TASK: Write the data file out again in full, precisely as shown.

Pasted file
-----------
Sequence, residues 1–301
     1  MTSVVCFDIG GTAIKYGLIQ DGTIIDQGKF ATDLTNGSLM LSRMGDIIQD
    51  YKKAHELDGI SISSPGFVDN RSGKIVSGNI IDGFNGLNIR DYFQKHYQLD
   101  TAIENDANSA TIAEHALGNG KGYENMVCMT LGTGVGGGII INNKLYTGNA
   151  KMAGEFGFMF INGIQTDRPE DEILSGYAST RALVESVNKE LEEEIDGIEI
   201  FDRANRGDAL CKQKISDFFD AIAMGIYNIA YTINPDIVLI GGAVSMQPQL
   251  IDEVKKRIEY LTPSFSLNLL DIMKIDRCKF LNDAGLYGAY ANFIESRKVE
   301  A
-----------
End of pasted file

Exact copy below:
Sequence, residues 1–301
     1  MTSVVCFDIG GTAIKYGLIQ DGTIIDQGKF ATDLTNGSLM LSRMGDIIQD
    51  YKKAHELDGI SISSPGFVDN RSGKIVSGNI IDGFNGLNIR DYFQKHYQLD
   101  TAIENDANSA TIAEHALGNG KGYENMVCMT LGTGVGGGII INNKLYTGNA
   151  KMAGEFGFMF INGIQTDRPE DEILSGYAST RALVESVNKE LEEEIDGIEI
   201  FDRANRGDAL CKQKISDFFD AIAMGIYNIA YTINPDIVLI GGAVSMQPQL
   251  IDEVKKRIEY LTPSFSLNLL DIMKIDRCKF LNDAGLYGAY ANFIESRKVE
   301  A